Posts Tagged ‘preserving’

Pickled Eggs for Fall

 

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We have a friend who lives in Harrowsmith and he has a few hens. And where there are hens there are eggs, lots and lots of eggs. So every time we visit Matthew we get a bunch of farm fresh eggs, which is great. We love eggs, and having a surplus means delicious omelettes, frittatas and a plethora of baked goods that utilize lots of yolks, like custards and French Vanilla ice cream, and the whites get used for meringues and pavlovas. But what to do when the eggs start piling up faster than we can devour them? Why, pickle them of course! Continue »



Question: “Why does the car smell like dinner?”

Tuft of rosemary on olive cutting board

What’s the best way to dry herbs? Hanging upside down on strings is the traditional way. Some people use an oven, but many modern ovens don’t have the low temperatures that herb drying needs. One of the most ingenious and unorthodox ways I’ve heard is to dry herbs using your car as a dehydrator. This tip was gleaned from the excellent edible gardening and growing food podcast called Living HomeGrown with Theresa Loe. With this unusual method you take a bunch of herbs, bundle them, and tie the stems together with a rubber band. (A rubber band works better than string because as the stems shrink the rubber band still holds them tightly.) Don’t make your bunches too big; a bunch of stems about an inch or less across is a good size. Then simply place your herbs around your car. You can use a tray to be tidy, but even placing them on a tea towel would do.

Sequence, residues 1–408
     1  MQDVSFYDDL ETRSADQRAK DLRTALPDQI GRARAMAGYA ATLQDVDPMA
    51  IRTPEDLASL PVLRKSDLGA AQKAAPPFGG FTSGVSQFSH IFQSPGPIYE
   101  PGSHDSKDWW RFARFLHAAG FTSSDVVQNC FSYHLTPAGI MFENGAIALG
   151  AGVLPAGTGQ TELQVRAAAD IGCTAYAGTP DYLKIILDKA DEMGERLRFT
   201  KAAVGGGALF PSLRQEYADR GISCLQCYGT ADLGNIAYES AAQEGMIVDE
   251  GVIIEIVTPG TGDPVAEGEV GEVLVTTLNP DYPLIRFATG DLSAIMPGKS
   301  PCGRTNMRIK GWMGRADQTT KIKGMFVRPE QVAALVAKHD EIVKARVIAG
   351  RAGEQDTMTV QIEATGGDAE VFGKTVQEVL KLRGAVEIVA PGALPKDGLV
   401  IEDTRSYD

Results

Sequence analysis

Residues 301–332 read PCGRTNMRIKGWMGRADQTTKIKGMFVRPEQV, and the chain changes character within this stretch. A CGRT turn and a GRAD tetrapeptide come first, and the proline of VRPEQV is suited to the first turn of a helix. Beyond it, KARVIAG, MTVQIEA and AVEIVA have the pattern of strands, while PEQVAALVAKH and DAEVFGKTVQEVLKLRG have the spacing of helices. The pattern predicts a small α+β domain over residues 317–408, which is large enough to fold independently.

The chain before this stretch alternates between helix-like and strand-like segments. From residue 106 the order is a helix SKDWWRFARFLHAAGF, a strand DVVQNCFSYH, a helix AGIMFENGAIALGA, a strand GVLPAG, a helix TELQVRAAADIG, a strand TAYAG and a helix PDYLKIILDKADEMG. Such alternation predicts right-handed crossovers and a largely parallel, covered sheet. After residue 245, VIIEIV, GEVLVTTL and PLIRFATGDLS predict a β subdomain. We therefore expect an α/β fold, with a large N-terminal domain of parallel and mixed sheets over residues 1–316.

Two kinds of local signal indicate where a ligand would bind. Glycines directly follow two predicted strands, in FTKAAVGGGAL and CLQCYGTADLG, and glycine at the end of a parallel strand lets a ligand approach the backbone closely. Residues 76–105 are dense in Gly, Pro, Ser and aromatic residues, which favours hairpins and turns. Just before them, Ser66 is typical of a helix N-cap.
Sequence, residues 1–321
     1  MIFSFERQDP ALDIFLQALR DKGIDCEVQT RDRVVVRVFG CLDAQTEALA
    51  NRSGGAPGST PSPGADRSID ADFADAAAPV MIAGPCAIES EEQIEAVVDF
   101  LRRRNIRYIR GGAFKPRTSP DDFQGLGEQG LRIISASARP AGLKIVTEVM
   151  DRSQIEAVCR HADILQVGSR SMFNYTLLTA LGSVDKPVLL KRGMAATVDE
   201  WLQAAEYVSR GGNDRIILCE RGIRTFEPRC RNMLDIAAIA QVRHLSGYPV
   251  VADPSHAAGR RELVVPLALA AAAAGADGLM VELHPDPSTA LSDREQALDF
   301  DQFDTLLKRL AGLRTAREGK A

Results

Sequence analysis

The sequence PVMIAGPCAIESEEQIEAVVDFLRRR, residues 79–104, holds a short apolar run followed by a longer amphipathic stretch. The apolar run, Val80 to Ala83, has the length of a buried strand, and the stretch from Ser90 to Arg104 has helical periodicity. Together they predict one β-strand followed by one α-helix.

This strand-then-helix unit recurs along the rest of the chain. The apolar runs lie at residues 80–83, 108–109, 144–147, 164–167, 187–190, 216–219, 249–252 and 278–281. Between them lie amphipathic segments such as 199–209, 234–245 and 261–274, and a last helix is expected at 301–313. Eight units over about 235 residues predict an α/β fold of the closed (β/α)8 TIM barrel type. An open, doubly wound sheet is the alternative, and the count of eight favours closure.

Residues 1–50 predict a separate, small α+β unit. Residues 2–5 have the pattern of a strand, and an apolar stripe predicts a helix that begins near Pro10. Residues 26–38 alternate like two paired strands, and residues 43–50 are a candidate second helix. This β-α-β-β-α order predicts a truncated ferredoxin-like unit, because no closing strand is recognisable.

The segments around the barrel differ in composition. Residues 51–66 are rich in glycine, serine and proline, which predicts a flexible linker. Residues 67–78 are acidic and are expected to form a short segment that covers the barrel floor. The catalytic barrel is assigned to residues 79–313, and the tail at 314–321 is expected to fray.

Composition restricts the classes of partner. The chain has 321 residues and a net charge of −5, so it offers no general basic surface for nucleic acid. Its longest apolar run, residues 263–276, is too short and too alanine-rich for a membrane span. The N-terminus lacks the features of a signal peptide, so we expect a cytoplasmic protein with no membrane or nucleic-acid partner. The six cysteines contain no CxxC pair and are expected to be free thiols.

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How To Use Scented Geranium Leaves

scented geranium leaves

Scented geranium leaves that work for culinary and aromatherapy.

One of my favourite herbal plants is a scented rose geranium, which gives off a delicious scent of rose when the leaves are crushed. The houseplants we commonly call geraniums are actually Pelargoniums in botanical-speak. They are tender perennials, originating in South Africa. But no matter the name, the rose geranium is one of my Must Have plants. While it’s not a flowering specimen—the flowers are insignificant—rose geranium is more than worth it to grow for the scent alone.

In nature, there are some plants and flowers that have complex aromas and flavors. Probably the best example of this is wine grapes. Just think of all the words to describe your favorite wines: berry, chocolate, citrus, oaky, grassy. The list is almost endless. In the world of herbs, scented geraniums are similar.

I use it as a ‘walk by” form of aromatherapy, grabbing a leaf and burying my nose in it, for a shot of wondrous olfactory bliss. This is the kind of thing you need in November, or any winter day, really. The scent is similar to the Attar of Rose scent, a true rose fragrance.

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Flight of the Concord Grapes

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Sad but true, summer is drawing to a close. And though most Ontario fruit has come and gone, there are still a few late summer windfalls that are just coming into their own. Grapes, for example, are a fruit practically synonymous with fall, and no self-respecting cornucopia would be caught dead without having clusters of deep purple, pale green or dusky blue grapes spilling out of them. Continue »



A Pectin Primer

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Fall is pulling up its roots and skipping town, and leaving in its wake a bounty of unclaimed gifts; there is still a cornucopia of grapes, rosehips, crabapples, herbs and fruit waiting to be canned and pickled. Many of us hate to see produce -especially produce that we have grown ourselves- go to waste, and thoughts at this time of year turn to ingenious ways of preserving this windfall. For first time canners, the prospect of making jams or jellies can be daunting.

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